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Crime and Justice


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Poll: Crime and Justice

What punishment would you give John?

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#1 Icewolf

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Posted 04 April 2013 - 11:54 AM

So here is how this works. Please read the first scenario, and then vote on what punishment you would hand down. Then click the spoiler, read what is contained and follow its instructions. 

 

So you are the judge with the following case, and the facts are all proved, and the time has come for you to pass sentence. 

 

 

John lives on the ground floor of a two story building divided into two flats (apartments for you Americans). Above him lives a little old lady. His girlfriend Lucy recently broke up with him telling him he was a cowardly little man. He is desperate to prove her wrong. He decides that he will pour petrol on the floor of his flat and set it alight. He will then run outside, find a ladder, and rescue the little old lady living above, proving his bravery. He then plans to tell the police that it was his evil nemesis David. 

 

All goes to plan. The flats burn, and he rescues the Little Old lady, and the local media take his picture and label him a hero. 

 

Unfortunately for him he forgets about the CCTV. He is caught and is before you for sentencing. The Charge is Arson. Please pick a punishment from above. 
I'm not wanting to focus on the precise legal sentence. Imagine you have complete discretion. 

Spoiler


Edited by Icewolf, 04 April 2013 - 12:09 PM.


#2 commander thrawn

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Posted 04 April 2013 - 12:04 PM

In the first case he has arson and reckless endangerment not sure what the sentences are for that but I assume manslaughter and arson get a larger sentence.

#3 Icewolf

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Posted 04 April 2013 - 12:09 PM

In the first case he has arson and reckless endangerment not sure what the sentences are for that but I assume manslaughter and arson get a larger sentence.

I'm not wanting to focus on the precise legal sentence. Imagine you have complete discretion. 

The point is his actions in both cases are identical. Its just they have different results. Should they have different sentences. 



#4 Teddyyo

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Posted 04 April 2013 - 12:09 PM

I said 5-10 years, but was on the border between it and 4-5 years. First scenario, he's insane and sets fire to his building. Please do not let him near the public for awhile. Second one, he killed someone. And he's crazy. Life in an institution.

Not much sympathy for this guy here. He 1) has no restraint, 2) is more emotional than a teenage girl, and 3) is willing to purposefully mislead all around him with what appears to be no forethought or care/guilt about his crime being misinterpreted as a heroic act. Put him away.

edit: Back on the topic, though, intent is what matters to me; however, doing something that has a high possibility of !@#$@#$ up and killing somebody should come with consequences. It's kind of an awkward/grey area, because the intentions were good, but it was a !@#$% stupid thing to do. Simply punitive when nobody is hurt, because he needs to know that the !@#$ isn't okay. Punishments should be more when there is a victim, because the !@#$ actually ended up like it usually does and nobody is ignorant of what happens with gasoline and a lighter.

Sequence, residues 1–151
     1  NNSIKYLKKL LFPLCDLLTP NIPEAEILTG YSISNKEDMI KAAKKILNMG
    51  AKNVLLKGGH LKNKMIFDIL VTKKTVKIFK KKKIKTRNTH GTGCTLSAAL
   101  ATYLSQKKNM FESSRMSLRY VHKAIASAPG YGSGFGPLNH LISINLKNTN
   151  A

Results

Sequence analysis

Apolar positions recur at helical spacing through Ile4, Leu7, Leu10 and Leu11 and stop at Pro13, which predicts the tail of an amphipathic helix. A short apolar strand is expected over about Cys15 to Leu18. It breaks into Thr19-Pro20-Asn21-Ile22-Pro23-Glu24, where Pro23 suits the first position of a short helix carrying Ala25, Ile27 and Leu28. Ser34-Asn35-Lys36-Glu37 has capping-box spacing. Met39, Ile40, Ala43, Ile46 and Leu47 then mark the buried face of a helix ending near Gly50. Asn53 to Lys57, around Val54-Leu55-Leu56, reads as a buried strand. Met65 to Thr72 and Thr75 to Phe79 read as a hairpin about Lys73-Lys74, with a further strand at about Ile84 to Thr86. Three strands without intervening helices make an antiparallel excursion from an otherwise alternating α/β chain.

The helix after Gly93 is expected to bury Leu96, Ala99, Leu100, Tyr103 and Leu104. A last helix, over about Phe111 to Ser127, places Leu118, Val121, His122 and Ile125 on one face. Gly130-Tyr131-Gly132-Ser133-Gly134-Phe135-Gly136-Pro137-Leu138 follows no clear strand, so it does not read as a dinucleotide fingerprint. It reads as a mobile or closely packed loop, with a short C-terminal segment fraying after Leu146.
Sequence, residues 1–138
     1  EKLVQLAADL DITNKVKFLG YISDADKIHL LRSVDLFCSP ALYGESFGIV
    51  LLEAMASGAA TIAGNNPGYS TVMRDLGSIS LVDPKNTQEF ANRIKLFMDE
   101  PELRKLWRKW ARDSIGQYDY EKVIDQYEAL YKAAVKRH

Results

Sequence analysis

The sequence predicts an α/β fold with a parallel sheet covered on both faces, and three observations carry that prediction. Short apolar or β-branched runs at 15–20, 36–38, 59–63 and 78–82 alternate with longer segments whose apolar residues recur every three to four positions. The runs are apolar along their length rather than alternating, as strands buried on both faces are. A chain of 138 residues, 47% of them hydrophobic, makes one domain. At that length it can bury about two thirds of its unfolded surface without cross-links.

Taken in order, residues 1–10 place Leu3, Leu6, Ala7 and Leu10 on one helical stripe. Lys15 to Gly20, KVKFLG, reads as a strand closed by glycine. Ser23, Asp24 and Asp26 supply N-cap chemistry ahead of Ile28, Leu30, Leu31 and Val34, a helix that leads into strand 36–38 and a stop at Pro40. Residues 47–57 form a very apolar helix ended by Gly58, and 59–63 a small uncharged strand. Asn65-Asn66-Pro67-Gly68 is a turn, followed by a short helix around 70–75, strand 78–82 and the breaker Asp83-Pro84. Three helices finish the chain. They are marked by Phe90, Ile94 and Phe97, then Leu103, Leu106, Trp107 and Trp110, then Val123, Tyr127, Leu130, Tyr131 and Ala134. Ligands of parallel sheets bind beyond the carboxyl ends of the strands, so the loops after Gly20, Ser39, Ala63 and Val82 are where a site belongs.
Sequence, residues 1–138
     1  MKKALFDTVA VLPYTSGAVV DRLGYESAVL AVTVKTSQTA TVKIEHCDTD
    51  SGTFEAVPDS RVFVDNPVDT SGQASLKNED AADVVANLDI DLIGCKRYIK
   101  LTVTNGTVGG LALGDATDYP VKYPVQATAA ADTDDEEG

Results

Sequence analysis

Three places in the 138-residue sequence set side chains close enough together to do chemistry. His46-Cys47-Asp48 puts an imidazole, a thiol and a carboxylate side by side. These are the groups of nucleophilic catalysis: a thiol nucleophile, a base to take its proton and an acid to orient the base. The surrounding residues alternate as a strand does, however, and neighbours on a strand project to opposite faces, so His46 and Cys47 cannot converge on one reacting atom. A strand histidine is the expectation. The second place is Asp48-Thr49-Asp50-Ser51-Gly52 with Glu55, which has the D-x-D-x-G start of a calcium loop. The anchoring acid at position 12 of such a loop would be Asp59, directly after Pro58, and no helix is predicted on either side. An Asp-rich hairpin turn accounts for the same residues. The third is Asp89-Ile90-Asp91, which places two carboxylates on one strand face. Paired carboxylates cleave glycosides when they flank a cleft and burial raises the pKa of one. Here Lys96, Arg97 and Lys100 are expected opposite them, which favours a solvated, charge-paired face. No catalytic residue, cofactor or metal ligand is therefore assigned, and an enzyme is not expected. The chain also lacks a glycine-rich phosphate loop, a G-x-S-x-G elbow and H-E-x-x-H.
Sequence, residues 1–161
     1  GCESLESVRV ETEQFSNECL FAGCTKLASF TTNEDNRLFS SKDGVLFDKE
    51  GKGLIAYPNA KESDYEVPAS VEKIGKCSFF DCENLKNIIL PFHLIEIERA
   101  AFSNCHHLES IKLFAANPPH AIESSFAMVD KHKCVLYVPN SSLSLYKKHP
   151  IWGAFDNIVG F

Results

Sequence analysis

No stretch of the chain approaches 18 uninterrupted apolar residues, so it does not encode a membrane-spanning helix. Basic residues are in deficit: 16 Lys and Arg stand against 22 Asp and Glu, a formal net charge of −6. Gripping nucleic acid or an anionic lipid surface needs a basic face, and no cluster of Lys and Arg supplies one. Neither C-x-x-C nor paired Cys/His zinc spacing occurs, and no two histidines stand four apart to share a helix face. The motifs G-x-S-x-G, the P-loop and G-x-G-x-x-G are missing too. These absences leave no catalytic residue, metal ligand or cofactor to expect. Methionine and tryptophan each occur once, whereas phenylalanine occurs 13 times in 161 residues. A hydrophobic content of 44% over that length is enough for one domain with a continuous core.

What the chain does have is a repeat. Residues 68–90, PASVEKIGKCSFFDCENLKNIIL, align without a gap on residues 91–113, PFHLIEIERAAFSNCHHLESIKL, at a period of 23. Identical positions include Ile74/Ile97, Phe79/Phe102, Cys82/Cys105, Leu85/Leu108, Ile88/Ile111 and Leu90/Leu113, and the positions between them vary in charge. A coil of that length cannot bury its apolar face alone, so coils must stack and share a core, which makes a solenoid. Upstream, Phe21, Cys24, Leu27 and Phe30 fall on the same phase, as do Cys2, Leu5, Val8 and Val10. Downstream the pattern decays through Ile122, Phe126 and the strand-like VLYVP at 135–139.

Edited by Teddyyo, 04 April 2013 - 12:16 PM.


#5 Icewolf

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Posted 04 April 2013 - 12:25 PM

I wouldn't say he had noble intentions the first time around-he wanted to show off to his girlfriend. 

And its not a real case so we don't know much about John. It has elements of a recent high profile case, but that is it. 



#6 Teddyyo

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Posted 04 April 2013 - 12:46 PM

I wouldn't say he had noble intentions the first time around-he wanted to show off to his girlfriend. 

And its not a real case so we don't know much about John. It has elements of a recent high profile case, but that is it. 


He at least wasn't intending to do it for a malicious purpose is what I meant.

#7 simon2269

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Posted 04 April 2013 - 01:03 PM

Went with 4-5 years in scenario 1.

 

For scenario 2 he should serve at least 10 years in prison which means it would be a 20 year plus sentence as he is likely to serve only half.

 

In scenario 2 it is not a matter of intent it is all about the resulting damage and he should serve a considerable prision sentance.

 

 



#8 Hereno

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Posted 04 April 2013 - 03:10 PM

I said 2-3 years. He shouldn't get off scot-free because he intentionally burned down someone else's place of living. Not only that, but his thinking is clearly "what the $%&@"-level dangerous for an adult. We don't want to give this guy probation.

 

With the changed scenario, I would up his sentence to 4-5 years. Normally, his good intentions would make the mistake just that - a mistake - and I don't think manslaughter should be a crime if it's honestly done completely accidentally. But that the mistake happened when he was intentionally burning down someone's house makes it his fault, although I'll readily admit that I am mainly dishing out the slightly higher sentence not because it will do John any good or help rehabilitate him more, but mainly out of "you killed someone by being an idiot and should be punished for it".

 

Ideally, he would spend his imprisonment doing forced labor with the value of that labor going to the family of the old lady who was killed (or the old lady herself, in the original scenario), as a way to give restitution to them for his idiocy.



#9 Golan 1st

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Posted 04 April 2013 - 04:01 PM

 

I'm not wanting to focus on the precise legal sentence. Imagine you have complete discretion. 

The point is his actions in both cases are identical. Its just they have different results. Should they have different sentences.

But from your description it appears that his actions are not identical and in the second case he poured more petrol ("too much").
This makes a difference.
Regarding intentions, while they matter, it also matters what the reasonably possible outcome of your actions are and you must consider them (for example, if you shoot somebody to injure him, and he dies, you cannot be excused just because your intention was different).
In this case, the possibility of the fire getting out of control is not too unlikely to consider.

#10 Icewolf